Il mio corpo

 

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Two lives viewed against a Sicilian background are stunningly filmed.

 

Il mio corpo

 

Michele Pennetta is an Italian filmmaker born in 1984 whose work is new to me although his short films and one medium length one (2016's Pescatori di corpo) have already attracted attention. At 81 minutes, Il mio corpo can be regarded as his first full feature and it is a very remarkable work indeed. Visually it is exceptional on account of both the wonderful colour and 'Scope photography by Paolo Ferrari and the superb compositions that add so much to the film's impact. Considered in these terms, Il mio corpo is nothing less than a masterpiece, but when it comes to considering Pennetta's choice of material and understanding his aims in selecting it the film feels too elusive to satisfy fully.

 

Set in Sicily, Il mio corpo is a documentary that cuts back and forth throughout its length as it reveals the lives of two people living in the same region. One of these is Oscar who, together with his brother, helps his father, a dealer in scrap metal collected from dumps. The brothers had lost their mother when she went off with another man and the father, now himself settled with a new partner and younger kids, is continually criticising Oscar and is wearing him down. The other quite distinct thread in the film is centred on a young man named Stanley who is an immigrant from Nigeria. He may have a visa but is finding it difficult to get by and is short of the money needed to pay the rent of the accommodation which he shares with a fellow Nigerian. The latter proves to be even worse off than Stanley when his application for a visa is turned down. Meanwhile, Stanley helps out a priest for a pittance, but he does at least get help from this man since in time the priest is able to suggest work in the countryside which initially involves harvesting grapes and later herding sheep.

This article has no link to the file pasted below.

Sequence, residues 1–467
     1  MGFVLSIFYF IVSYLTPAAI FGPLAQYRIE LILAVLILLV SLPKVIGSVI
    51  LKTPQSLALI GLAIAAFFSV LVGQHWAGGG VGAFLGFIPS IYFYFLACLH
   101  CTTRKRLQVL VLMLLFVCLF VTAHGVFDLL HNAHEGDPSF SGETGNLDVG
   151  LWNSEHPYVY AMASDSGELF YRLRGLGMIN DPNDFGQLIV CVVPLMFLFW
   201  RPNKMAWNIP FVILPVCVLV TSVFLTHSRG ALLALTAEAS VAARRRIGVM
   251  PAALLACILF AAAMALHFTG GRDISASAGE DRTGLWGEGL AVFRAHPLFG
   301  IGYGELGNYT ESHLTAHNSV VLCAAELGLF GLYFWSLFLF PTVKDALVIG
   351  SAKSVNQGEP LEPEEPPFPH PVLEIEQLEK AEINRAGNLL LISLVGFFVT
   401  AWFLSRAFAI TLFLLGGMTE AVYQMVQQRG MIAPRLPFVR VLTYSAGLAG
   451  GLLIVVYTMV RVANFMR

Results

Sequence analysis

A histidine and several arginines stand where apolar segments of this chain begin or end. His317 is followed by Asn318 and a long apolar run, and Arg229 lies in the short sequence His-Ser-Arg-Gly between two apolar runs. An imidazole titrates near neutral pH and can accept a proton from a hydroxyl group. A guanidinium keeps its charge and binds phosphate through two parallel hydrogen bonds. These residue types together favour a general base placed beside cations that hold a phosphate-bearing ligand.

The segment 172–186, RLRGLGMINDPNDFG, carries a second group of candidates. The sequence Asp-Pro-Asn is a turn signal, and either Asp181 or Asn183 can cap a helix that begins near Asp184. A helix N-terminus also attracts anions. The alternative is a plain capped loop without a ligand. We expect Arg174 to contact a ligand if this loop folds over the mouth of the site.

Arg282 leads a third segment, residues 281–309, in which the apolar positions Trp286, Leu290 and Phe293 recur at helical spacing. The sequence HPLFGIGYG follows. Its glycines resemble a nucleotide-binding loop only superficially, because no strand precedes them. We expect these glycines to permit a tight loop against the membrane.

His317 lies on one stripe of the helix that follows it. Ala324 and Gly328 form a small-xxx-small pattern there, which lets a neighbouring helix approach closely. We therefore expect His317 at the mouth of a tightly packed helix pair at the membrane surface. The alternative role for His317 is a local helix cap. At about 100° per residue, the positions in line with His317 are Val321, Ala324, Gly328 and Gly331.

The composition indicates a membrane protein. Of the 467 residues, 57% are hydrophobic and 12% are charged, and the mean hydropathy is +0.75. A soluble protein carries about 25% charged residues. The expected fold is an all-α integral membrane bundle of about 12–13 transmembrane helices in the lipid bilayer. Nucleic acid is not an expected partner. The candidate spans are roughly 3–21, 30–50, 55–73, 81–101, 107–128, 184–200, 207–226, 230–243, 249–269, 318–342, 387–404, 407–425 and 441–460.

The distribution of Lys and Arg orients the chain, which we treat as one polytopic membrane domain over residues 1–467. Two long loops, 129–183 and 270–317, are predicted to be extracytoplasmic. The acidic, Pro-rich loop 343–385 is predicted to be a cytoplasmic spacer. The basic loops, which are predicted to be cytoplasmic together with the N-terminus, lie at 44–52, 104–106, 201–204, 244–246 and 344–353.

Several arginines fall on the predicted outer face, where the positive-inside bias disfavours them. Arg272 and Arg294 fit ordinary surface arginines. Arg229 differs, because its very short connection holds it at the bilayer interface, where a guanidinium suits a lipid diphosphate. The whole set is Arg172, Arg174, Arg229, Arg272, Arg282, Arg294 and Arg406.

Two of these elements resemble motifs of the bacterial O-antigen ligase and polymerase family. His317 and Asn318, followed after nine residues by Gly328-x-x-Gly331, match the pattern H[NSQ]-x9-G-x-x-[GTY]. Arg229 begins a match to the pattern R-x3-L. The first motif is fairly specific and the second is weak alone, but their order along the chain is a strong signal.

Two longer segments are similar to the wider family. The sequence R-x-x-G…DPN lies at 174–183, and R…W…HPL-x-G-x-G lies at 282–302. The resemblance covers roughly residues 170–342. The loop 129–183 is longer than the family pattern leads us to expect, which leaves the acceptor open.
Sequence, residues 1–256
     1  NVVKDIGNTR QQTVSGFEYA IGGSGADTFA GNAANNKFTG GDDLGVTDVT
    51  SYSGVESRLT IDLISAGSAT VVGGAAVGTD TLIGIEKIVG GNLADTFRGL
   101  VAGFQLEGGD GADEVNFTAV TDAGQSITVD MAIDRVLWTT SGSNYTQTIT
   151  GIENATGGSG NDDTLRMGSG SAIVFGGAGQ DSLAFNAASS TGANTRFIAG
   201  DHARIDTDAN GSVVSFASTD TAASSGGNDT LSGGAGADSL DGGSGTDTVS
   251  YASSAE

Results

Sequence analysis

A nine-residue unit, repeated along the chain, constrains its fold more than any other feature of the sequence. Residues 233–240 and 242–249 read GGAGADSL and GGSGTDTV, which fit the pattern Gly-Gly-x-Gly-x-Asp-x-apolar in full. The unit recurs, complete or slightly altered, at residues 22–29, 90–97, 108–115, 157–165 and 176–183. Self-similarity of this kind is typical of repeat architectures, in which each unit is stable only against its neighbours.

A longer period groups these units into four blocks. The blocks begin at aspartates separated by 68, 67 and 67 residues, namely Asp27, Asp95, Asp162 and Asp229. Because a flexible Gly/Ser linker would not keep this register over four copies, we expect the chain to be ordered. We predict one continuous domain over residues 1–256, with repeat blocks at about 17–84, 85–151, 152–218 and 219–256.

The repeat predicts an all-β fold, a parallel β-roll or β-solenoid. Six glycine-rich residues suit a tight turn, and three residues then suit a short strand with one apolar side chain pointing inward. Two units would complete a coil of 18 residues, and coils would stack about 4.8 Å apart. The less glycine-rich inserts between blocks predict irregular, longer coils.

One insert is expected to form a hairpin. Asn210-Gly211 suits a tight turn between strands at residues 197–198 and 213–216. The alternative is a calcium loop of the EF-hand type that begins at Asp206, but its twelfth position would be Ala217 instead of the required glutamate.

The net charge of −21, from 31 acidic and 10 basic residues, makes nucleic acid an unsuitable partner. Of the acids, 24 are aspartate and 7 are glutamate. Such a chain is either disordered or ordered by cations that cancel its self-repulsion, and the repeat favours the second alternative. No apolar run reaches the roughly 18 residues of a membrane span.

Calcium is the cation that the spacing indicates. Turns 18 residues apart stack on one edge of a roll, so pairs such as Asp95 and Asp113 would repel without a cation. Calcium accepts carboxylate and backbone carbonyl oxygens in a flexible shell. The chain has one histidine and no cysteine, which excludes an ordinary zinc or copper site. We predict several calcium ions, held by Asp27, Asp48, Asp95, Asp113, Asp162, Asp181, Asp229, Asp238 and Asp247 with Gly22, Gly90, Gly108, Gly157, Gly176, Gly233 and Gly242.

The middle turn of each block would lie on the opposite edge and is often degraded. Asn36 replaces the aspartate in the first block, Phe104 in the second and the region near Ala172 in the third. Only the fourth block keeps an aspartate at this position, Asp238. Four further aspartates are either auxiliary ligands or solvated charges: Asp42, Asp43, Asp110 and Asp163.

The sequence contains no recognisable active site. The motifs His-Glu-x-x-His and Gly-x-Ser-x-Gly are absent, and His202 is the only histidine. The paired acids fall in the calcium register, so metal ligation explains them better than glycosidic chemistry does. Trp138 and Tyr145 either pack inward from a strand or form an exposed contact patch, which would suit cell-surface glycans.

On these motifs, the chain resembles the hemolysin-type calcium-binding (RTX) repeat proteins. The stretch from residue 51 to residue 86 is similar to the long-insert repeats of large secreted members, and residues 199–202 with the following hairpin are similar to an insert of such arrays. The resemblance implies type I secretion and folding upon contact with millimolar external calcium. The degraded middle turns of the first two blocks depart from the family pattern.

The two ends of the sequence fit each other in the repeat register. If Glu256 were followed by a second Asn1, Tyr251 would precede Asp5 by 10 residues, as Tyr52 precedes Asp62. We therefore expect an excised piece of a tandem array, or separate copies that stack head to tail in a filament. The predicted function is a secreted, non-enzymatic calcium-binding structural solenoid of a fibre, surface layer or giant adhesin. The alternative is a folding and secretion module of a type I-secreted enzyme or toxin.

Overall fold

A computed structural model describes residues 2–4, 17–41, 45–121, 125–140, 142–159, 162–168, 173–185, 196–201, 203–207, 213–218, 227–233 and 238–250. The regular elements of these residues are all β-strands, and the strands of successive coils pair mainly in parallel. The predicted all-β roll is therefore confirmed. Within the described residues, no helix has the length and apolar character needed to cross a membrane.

Pennetta has acknowledged that this double portrait although presented as a documentary did involve the use of re-enactments for some of its scenes. However, this does not undermine the film in any way since the behaviour of the people seen on screen never seems artificial. Furthermore, it has allowed Pennetta to exercise his full directorial flair (it often features the kind of camerawork and editing that are more usually encountered outside of documentaries). But, no less importantly, the real purpose of the work appears to reside in what is to be found beneath the surface: the heart of the piece lies in the way that the two distinct narratives seem to invite us to see Oscar and Stanley for all their differences as two souls lost in limbo. Pennetta expresses that eloquently yet still leaves us uncertain what to make of it. Early on a figure of the Virgin Mary is found amongst discarded scrap and the fact that the title for its release here is Il mio corpo rather than My Body carries its own hint of religious subject matter. The late Robert Bresson, France's greatest Catholic filmmaker, could close A Man Escaped (1956) with music from a Mozart Mass and thus convince us that his story had been presented from a Christian perspective. Adopting a comparable gesture, Il mio corpo ends to the accompaniment of Pergolesi's Stabat Mater, but with neither narrative thread resolved Pennetta's film leaves us unclear as to what exactly this music is meant to indicate. Indeed, for this reason we are left somewhat bemused, but technically and aesthetically Il mio corpo is filmmaking of the highest order.

 

MANSEL STIMPSON

 

Featuring  Oscar Prestifilippo, Roberto Prestifilippo, Marco Prestifilippo, Stanley Abhulimen, Blessed Idamosa, Elza Selimi, Piero Riggi, Gabriel Prestifilippo, Sofia Prestifilippo, Matias Prestifilippo.

 

Dir Michele Pennetta, Pro Joëlle Bertossa, Giovanni Pompili, Silvana Bezzola Ricolini and Flavia Zanon, Screenplay Arthur Brugger, Michele Pennetta, Christian Tarabini and Pietro Passarini, Ph Paolo Ferrari, Ed Damian Plandolit and Orsola Valenti, Music Nathalie Rebholz.

 

Rai Cinema/Cinéforum/Kino Produzioni/Close Up Films/Suissimage-Curzon.
81 mins. Italy/Switzerland. 2020. Rel: 11 December 2020. Available on Curzon Home Cinema. Cert. 12A.